It is with great pleasure that I rise to speak to the State Taxation and Treasury Legislation Amendment Bill 2022. Pleasingly, this bill builds on the Andrews Labor government’s record of implementing a progressive tax system in this state. As was so eloquently put by Ms Taylor earlier in the debate, we have proudly cut or abolished taxes and fees 57 times across the budget—57 times. It is important that we understand and that we underline those numbers, because what we hear opposite on many occasions is something completely different. Ms Taylor, I think, again, very eloquently dismantled Mr Davis’s assertions about new taxes and where they apply. I mean, fancy counting on six occasions a tax that applies to foreign ownership—six times. It does not affect one Victorian, yet this is the sort of stuff that we get built into this debate.
I am very happy if Dr Bach or anybody else on that side of the chamber wants to have a debate about integrity—integrity when it comes to managing the state, integrity when it comes to the taxation system and integrity when it comes to facts around a particular issue that is being debated in this chamber or anywhere else. We are very, very happy to have those debates, because I think the facts speak for themselves that on 57 occasions we have cut or abolished taxes and fees—57 times, on 57 occasions. And it is important that we introduce those facts and that we ensure that people do not twist and turn it and manufacture things for their own political objectives in the debate. So if we want to stray down the path of integrity, I am very happy to have that debate.
Dr Bach: Ms Taylor’s at fault. She strayed; I followed her.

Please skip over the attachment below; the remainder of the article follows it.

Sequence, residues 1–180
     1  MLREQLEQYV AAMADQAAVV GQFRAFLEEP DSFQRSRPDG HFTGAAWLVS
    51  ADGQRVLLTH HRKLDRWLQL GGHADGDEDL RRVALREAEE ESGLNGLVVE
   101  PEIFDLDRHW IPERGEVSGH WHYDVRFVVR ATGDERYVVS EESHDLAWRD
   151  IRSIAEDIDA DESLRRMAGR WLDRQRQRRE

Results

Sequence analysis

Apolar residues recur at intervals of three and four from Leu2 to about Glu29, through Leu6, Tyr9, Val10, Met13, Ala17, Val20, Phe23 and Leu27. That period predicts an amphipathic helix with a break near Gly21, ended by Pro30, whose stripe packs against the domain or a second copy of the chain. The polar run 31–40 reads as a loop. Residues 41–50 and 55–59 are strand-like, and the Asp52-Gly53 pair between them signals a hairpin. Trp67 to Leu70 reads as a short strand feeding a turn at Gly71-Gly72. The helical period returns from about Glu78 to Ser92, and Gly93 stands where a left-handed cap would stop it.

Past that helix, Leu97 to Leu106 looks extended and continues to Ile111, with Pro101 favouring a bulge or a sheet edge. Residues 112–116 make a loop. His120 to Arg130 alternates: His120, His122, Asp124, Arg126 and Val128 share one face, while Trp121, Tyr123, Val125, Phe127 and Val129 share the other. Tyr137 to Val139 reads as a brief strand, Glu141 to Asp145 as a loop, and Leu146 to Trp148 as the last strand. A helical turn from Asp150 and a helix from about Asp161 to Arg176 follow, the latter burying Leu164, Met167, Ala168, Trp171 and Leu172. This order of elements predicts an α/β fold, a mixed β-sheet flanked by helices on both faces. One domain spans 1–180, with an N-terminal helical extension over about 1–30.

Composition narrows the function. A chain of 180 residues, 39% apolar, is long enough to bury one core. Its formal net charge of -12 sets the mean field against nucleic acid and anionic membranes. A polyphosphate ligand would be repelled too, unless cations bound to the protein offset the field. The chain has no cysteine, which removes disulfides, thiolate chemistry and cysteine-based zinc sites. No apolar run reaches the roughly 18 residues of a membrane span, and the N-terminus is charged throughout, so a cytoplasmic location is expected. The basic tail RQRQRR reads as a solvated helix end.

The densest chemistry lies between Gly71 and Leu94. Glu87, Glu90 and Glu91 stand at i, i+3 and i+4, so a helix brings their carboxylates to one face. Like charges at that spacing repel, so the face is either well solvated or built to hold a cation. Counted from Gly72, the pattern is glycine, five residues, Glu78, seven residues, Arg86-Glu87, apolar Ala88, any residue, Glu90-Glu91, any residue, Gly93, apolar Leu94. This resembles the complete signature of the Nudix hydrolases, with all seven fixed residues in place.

Mr GEPP: Yes. No, no. I understand Ms Taylor opened the door, and I understand that the opposition walked through it. I understand you meandered down that pathway. I am just saying let us continue down it—let us hold hands and walk down that path a little bit more—because I am happy to debate integrity. In fact why don’t we turn wacky Wednesday into integrity debating day tomorrow? Let us have a whole day of debating about integrity instead of some of the more colourful and interesting things that we will be dealing with tomorrow that will not have any shred of impact on this state except to say that we can acquit another day in this place.
One of the things that Ms Watt and Ms Taylor both talked about—and I think this is a really important development under this bill—is the motor vehicle duty. I want to commend Mr Barton, who spoke earlier in this debate. He touched on one of the key measures in this bill, which is the introduction of the exemptions for wheelchair-accessible commercial vehicles from motor vehicle duty. I think it is some $3000, and there is a whole range of criteria that spells out exactly what that means for certain categories of vehicles et cetera, depending on the age of the vehicle et cetera, but it is a really, really important feature of this legislation. It should not go unnoticed, and I am sure it will not. But it is a really important progressive change to our taxation. The measure alone will save eligible wheelchair-accessible commercial passenger vehicles thousands of dollars in motor vehicle duty and will help ensure that we have better services provided to wheelchair users and particularly to those that make more than 1 million commercial passenger vehicle trips per year. I want to congratulate Mr Barton. Mr Barton said in his contribution that we might not hear about his advocacy every day in this place.
I am certain that we probably as a chamber do not hear from Mr Barton every day, but I know from talking to colleagues in government that Mr Barton is talking to somebody in government every single day about these measures. It is through that sort of advocacy that we see these sorts of changes introduced, so congratulations to Mr Barton and to the commercial passenger vehicle owners in terms of this very, very important reform.